This winter, GDUSA introduced a “Designing For Good” feature category as part of our 59th annual American Graphic Design Awards™ competition. The idea resonated: we saw several hundred entries and roughly 50 winning pieces were selected.
This is the first in a series of articles that take a deeper look at the winners of the new category, their motivations, their creative strategies, the impact of their winning projects — and why these creative professionals are engaged in and committed to socially responsible design. We have explored the role of design, the special creative challenges, the impact of these projects, and how the recipients share and leverage the recognition.
Robert Half, the world’s first and largest specialized talent solutions, is the founding sponsor of this initiative which encompasses graphic communications that advance positive social and environmental action and social justice impact; promote diversity, equity and inclusion; and aim to make communities and the world a better place for people and nature.
Article 5: Designing For Good | Capturing Attention
Our continuing series on ‘Designing for Good’ has been very well read and received — with the focus on graphic design’s unique power to effectively advance positive social goals having particular resonance. We addressed this question, in part, back in our opening article, asking several of the “Designing For Good” category winners whether “the experience of working on your winning piece confirmed your belief that graphic design can be a powerful force for good?” Given the fascination with the subject among our audience, we revisit that topic now with valuable insights from additional category winners.
Once again the unanimous response: Effective graphic design is a powerful force for good because it is perfectly suited to capture attention to and raise awareness of issues and causes; to tell stories, reveal truths, and crystallize the essence of a message or matter; and to inspire or persuade audiences to embrace the value of a cause, idea or action. The importance of design and designers in this process is amplified by our fragmented and cluttered media environment, and by the changing and challenging times in which we live.
For example, Jerry Nieves of GoldenSnow Agency states: “Graphic Design can 100% be used as a powerful force for good! Our agency’s main focus is telling stories, and the main way we do that is with graphic design. We always design for impact.” GoldenSnow’s winning project in our ‘Designing For Good’ category involved extensive event promotion and design for the 25th National LGBTQ Task Force Gala.Asserts
Trevor Messersmith of 80east Design: “Yes – graphic design can always be a force for good. Engaging folks is always good – hopefully an exciting design can educate, or stimulate, or change people’s minds.” Trevor designed striking posters for the AIGA’s Turn Out The Vote initiative.
Joana Jordao of Cherish Impressions explains: “A good design can help in so many ways! Design has the power to grab people’s attention, and nowadays, having a few minutes or seconds of someone’s attention can be crucial. Helping to deliver the right message help lives and supports causes. It’s rewarding to design for something big, and what can be more significant than helping someone else?!” Cherish Impressions was recognized for a volunteer orientation booklet on behalf of the Pet Adoption Center of Orange County. involvement.”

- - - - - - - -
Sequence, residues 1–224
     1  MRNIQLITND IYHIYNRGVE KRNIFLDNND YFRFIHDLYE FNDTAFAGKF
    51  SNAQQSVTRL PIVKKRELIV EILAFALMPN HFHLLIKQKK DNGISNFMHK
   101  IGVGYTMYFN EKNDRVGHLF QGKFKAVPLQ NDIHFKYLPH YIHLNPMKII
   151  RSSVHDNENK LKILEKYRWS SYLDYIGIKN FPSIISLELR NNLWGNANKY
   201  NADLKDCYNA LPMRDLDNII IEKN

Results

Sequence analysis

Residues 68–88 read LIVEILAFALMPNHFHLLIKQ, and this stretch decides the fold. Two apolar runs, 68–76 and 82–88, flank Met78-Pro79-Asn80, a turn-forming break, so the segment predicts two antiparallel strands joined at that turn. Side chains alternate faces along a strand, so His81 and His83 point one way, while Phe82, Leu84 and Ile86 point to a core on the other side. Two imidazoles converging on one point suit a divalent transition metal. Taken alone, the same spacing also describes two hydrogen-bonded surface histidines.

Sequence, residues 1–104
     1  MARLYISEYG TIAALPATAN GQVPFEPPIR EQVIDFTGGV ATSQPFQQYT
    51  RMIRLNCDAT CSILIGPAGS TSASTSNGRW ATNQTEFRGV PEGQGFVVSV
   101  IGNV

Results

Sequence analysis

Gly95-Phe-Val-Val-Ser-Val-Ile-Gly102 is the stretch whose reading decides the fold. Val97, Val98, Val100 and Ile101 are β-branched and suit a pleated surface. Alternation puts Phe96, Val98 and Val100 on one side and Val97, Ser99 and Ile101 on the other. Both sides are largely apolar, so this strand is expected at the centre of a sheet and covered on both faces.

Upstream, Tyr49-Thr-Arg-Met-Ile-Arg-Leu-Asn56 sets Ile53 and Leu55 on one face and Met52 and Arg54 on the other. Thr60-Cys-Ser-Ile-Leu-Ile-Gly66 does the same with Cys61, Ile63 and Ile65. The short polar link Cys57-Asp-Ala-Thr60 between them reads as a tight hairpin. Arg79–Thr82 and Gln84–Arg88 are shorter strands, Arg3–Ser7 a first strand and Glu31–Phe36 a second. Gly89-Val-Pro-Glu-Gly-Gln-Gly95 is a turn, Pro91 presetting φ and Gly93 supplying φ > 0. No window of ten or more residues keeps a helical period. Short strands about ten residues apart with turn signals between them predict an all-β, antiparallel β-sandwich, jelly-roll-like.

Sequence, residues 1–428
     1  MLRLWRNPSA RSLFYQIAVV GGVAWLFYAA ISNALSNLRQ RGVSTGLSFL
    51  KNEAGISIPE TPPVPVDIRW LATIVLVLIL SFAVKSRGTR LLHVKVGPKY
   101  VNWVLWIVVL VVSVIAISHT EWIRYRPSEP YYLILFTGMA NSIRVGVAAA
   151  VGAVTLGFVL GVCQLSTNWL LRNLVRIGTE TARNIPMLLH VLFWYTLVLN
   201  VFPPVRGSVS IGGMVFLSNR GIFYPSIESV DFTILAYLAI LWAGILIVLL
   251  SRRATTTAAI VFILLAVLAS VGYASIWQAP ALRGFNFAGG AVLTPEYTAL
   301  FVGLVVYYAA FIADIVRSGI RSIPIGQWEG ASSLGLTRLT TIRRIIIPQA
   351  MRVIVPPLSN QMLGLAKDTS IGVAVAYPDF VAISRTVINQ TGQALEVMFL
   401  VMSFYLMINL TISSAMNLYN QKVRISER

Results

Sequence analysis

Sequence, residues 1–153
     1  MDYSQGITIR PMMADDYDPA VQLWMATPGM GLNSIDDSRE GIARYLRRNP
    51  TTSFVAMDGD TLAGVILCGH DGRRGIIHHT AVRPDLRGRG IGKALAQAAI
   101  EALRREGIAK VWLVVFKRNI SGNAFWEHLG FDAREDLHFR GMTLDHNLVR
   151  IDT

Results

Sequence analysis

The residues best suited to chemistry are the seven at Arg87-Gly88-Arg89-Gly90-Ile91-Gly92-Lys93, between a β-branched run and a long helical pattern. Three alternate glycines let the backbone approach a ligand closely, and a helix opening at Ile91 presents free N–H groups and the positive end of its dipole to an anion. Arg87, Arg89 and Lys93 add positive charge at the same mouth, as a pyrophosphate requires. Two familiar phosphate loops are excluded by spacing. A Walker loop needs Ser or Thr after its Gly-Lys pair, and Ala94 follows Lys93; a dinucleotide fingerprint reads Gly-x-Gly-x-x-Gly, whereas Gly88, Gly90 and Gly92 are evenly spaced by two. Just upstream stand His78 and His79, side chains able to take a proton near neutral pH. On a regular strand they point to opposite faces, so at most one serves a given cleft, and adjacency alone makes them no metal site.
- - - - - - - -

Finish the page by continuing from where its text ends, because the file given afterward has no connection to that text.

Adds Jon Kowing of Signal Theory, whose creative team supported Babes Helpin’ Babes (BHB), an employee resource group that aims to uplift the voices of women and BIPOC, challenge norms and create change: “Powerful graphic design empowers people to action. The intentional, engaging design and messaging within our work raised awareness for the ‘Get Out The Vote’ campaign and our BHB chapter. Our t-shirts, buttons and stickers were intentional conversation starters. When people inquired about them at community outreach events, we encouraged them to register and vote as well as learn more about BHB. Overall, our designs promoted unbiased voter participation and engaged community involvement.”
For Eric Benson of Re-Nourish and Climate Designers, a true pioneer in climate-related graphics, tells us: “I helped start the Climify podcast because I firmly believe design IS a force for good. I chose guests who also believe this. Their stories and advice on how to do better give me further hope and confirmed my belief that design is a powerful positive force if used correctly.”
A succinct summary from Saoul Vanderpool of the 92nd Street Y: “I’ve always held the belief that graphic design has the power to be impactful be for good or not. I trust that the wining piece we developed will show what organizations like mine can do for communities across the globe.”
And Darcy Lacey of Watermark Design sums it all up nicely: “Definitely. Give people something beautiful and engaging to capture their attention and invite them in to whatever discussion your are trying to have with them. Once you have their attention, you have automatically increased the number of people previously engaged in this conversation. You have now grown knowledge in perhaps a previously untouched audience and have furthered the mission of the client.” Her agency’s winning campaign managed the feat of “marrying beer with the message of empowerment, hope and engagement that SARA, our local sexual assault resource agency, brings to the community.”